With less than twenty-four hours until the polls close there is little agreement on the likely outcome to the 2019 election. While polls consistently suggest that there will be a small Conservative majority many commentators are predicting anything from a hung parliament to a 100 seat Conservative majority being proposed as possible outcomes.
While we cannot yet say with certainty who will emerge triumphant on Friday 13th December what we can say unequivocally based upon the manifestos of each of the major parties is that the next government of the United Kingdom will take a much ‘top-down’ approach than the any Conservative or Labour government since at least the 1970s.
Forty years of a shrinking state
Under the leadership of Prime Minister Margaret Thatcher from 1979, the Conservative Party adopted the understanding that it was the role of the State to govern the country but not to directly manage every aspect of the economy. Mrs Thatcher believed that experienced business leaders would have a better understanding of how to profitably manage large corporations than government ministers and civil servants. In line with this understanding, she engaged in a policy of shrinking the UK State by progressively privatising various parts of the public sector or introducing competition into areas that were previously a State monopoly. Starting with small steps at British Aerospace and Cable & Wireless this policy would eventually see Jaguar, British Telecom, the remainder of Cable & Wireless and British Aerospace, Britoil and British Gas, British Steel, British Petroleum, Rolls Royce, British Airways, electricity and water utilities all enter private hands.
Under Prime Minister John Major from 1992-1997, the policy continued and British Coal, British Rail and the electricity generating companies Powergen and National Power were all privatised.
Despite previously being publicly opposed to privatisation the Labour Party under Tony Blair largely followed the same policy following their election victory in 1997. The introduction of the Private Finance Initiative (PFI) saw private money enter the London Underground, the NHS and State-run schools. PFI and privatisation were aggressively continued throughout Labour’s time in office with action taken on both the Royal Mail and elements within the NHS.
Even when the economic crash of 2008 saw the government under Prime Minister Gordon Brown nationalise a string of failed banks it was made clear that the goal was to restore this banks to private ownership at the earliest opportunity. The over-riding lesson from both political parties was that private money was always the preferred option for investment rather than raising taxes and injecting increasing amounts of public money. The return of a Conservative-led government in 2010 simply saw these same policies further entrenched into the national psyche but now it seems as if the mood has changed.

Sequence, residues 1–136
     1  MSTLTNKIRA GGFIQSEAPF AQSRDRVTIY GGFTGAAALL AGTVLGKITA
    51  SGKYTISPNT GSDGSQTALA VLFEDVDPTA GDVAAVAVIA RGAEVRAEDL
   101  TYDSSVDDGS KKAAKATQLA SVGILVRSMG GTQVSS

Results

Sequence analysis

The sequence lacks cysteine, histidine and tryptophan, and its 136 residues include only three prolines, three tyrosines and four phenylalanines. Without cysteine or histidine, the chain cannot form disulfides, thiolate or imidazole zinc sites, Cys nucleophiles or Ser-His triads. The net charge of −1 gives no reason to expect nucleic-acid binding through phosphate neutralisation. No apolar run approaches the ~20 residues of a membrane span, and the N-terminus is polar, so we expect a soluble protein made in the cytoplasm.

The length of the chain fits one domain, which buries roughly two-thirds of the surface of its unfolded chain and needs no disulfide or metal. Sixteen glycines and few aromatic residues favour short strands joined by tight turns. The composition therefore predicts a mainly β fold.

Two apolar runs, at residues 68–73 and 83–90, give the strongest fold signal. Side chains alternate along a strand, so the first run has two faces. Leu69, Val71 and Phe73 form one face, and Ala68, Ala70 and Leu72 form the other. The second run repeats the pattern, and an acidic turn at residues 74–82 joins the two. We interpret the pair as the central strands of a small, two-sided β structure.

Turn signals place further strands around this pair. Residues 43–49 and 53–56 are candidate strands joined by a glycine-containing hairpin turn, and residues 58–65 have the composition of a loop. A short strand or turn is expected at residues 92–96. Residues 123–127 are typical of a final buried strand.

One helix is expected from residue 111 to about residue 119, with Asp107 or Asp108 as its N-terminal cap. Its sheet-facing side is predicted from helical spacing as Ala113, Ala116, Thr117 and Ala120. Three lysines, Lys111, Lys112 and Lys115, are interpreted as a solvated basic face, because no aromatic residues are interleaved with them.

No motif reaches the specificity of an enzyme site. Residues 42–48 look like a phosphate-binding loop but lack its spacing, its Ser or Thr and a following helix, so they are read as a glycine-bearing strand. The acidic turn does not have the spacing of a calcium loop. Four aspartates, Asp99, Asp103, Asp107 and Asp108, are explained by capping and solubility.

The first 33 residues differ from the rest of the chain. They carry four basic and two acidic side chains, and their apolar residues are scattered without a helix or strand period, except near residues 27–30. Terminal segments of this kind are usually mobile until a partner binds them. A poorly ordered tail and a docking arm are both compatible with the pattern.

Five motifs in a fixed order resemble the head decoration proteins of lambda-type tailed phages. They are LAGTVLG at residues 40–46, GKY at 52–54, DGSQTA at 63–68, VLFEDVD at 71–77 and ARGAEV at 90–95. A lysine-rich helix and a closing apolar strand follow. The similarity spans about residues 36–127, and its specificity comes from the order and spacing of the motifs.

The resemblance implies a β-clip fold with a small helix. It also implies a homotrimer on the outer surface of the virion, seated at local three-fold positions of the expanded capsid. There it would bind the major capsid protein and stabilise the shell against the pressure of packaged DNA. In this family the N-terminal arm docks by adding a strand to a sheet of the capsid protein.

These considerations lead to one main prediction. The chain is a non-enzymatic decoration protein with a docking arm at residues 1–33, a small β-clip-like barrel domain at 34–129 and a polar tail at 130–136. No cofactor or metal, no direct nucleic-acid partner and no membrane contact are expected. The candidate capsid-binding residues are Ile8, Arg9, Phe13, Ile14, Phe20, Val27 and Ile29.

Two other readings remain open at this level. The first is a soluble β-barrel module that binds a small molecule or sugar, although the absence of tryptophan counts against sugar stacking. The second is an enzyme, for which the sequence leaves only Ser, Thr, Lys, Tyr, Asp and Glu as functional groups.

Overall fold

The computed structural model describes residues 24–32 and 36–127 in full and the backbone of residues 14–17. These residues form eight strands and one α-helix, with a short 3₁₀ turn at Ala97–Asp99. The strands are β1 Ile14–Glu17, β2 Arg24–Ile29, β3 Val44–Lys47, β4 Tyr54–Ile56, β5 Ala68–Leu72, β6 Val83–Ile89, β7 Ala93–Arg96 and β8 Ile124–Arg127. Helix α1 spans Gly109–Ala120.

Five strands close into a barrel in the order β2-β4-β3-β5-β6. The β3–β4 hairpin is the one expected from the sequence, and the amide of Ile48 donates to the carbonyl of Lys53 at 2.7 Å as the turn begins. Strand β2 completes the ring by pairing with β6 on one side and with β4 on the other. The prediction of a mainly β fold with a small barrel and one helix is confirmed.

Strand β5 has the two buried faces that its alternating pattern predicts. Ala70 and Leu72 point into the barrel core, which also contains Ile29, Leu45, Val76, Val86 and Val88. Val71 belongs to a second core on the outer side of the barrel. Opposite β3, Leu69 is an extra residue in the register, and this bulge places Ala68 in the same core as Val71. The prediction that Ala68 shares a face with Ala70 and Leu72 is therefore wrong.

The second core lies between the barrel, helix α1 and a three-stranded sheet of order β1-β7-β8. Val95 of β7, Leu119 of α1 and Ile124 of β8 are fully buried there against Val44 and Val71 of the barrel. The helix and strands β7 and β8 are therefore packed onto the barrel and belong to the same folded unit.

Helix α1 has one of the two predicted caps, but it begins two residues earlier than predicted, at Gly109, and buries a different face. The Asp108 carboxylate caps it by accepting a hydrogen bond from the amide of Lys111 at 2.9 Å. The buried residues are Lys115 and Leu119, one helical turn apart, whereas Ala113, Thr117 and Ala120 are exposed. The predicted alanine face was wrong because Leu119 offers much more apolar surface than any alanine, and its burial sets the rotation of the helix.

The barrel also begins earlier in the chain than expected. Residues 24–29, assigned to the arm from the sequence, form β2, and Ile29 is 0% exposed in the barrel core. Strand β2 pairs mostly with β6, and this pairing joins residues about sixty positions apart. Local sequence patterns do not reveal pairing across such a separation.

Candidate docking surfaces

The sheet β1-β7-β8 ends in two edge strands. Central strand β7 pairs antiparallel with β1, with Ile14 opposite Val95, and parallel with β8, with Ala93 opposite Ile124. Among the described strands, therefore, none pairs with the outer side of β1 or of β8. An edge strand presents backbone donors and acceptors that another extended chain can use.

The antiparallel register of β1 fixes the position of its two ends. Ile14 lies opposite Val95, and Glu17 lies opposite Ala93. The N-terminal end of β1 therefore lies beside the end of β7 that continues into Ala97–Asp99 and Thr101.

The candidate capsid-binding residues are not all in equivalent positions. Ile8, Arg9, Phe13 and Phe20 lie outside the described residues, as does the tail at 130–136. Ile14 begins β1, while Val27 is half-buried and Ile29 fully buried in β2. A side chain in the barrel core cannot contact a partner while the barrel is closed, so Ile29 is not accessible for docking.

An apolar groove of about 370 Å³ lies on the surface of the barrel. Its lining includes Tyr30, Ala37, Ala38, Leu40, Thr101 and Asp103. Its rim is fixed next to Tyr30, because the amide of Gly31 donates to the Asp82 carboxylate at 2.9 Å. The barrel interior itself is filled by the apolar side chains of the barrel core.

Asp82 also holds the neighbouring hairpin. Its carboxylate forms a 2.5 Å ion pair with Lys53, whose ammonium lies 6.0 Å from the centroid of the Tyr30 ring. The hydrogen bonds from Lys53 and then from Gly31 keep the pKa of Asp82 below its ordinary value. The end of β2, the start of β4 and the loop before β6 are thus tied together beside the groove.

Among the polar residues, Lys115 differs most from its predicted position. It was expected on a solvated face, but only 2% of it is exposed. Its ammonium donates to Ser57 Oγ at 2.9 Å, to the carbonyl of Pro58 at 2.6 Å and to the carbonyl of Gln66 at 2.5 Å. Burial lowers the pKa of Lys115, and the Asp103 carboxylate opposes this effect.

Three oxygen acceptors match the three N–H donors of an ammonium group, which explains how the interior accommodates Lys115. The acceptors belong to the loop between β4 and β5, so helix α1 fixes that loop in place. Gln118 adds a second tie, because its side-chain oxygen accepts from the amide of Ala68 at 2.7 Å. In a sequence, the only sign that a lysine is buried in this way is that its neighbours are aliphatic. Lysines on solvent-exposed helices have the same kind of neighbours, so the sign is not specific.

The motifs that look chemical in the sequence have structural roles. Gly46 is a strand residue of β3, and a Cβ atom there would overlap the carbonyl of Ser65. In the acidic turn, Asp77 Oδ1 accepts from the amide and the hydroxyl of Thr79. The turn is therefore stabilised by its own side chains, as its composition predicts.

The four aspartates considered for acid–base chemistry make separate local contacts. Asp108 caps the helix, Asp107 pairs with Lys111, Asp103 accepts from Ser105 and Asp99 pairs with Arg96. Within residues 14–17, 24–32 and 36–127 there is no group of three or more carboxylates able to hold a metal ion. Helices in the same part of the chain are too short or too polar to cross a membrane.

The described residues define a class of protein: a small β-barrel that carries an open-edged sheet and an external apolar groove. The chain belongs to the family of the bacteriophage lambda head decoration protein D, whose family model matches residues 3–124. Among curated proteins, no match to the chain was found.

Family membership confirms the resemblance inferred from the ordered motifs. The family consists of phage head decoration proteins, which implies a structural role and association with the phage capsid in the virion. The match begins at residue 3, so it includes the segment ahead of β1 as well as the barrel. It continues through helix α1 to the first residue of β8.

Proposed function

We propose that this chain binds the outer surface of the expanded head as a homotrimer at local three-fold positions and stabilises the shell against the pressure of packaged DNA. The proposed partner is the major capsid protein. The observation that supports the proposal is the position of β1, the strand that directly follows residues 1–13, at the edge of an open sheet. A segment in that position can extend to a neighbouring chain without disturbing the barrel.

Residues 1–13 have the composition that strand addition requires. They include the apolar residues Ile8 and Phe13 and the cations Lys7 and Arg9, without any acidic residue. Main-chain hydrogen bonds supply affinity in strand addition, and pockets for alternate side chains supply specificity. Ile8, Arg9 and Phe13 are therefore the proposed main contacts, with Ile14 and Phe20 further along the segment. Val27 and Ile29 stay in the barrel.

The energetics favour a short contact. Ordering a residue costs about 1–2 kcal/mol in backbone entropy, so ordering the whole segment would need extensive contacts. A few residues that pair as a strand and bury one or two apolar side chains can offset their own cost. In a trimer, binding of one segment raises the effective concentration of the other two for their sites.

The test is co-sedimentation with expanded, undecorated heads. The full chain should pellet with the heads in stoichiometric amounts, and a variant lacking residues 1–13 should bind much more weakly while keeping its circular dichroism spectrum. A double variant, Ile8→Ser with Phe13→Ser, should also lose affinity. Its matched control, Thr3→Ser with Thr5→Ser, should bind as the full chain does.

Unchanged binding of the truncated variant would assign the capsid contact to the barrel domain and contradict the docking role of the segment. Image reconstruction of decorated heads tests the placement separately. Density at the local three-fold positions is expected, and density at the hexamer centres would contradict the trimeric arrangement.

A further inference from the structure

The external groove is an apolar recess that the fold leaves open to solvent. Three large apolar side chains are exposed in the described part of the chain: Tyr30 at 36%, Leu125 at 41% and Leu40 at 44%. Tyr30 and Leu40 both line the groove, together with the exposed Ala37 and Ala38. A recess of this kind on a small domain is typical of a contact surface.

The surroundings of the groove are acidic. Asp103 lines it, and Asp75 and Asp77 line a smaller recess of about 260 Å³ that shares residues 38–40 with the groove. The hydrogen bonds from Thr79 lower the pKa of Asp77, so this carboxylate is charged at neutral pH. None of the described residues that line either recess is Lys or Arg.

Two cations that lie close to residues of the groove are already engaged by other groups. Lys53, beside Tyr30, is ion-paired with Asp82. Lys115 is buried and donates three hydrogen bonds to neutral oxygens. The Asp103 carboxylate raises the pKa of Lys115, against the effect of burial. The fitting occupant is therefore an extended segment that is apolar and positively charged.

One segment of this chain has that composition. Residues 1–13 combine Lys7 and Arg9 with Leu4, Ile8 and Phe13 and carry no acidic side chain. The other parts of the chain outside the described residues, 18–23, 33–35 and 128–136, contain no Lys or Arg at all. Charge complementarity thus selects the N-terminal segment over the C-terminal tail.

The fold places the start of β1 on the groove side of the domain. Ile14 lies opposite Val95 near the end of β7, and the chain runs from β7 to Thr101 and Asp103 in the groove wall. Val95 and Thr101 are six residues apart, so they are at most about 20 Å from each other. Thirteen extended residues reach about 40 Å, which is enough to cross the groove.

Back to the 1970s?
It is no surprise that Labour leader Jeremy Corbyn has chosen to base much of his election campaign on the idea of increasing state control and an aggressive campaign of renationalisation yet what was less expected is that Prime Minister Boris Johnson has chosen to abandon established Conservative policies and to embrace increased State spending on a scale not seen since the 1970s. Policies unveiled in the Conservative manifesto include increased spending across a range of sectors including education, health, and law enforcement. Where once these needs would have been seen as an opportunity for private funding to enter the system Johnson has chosen to revert to higher levels of State spending.
A broader base appeal
The reason for this change in tactics is not hard to discern. Johnson faces a challenge from a Labour Party which is more unashamedly radically socialist, and which can be viewed as having betrayed many of their traditional voters with their Brexit policy. Elsewhere on the political spectrum, he faces a challenge from the Liberal Democrats who hope to attract many former Conservatives with their hardline anti-Brexit policy. Johnson sees his best hope for a majority in moving into Labour territory and attracting their former voters with what are essentially traditional Labour policies. Whether this approach will work only polling day will reveal. However, the one result which is already apparent is that he has left a great many ‘right-leaning’ voters essentially homeless. They will reluctantly vote Conservative on Thursday, but only because for most of them there is nowhere else to go. Smaller parties such as UKIP and the Libertarian Party are standing in only a handful of seats so most people seeking a party promoting free-market economics and competition is going to be disappointed.
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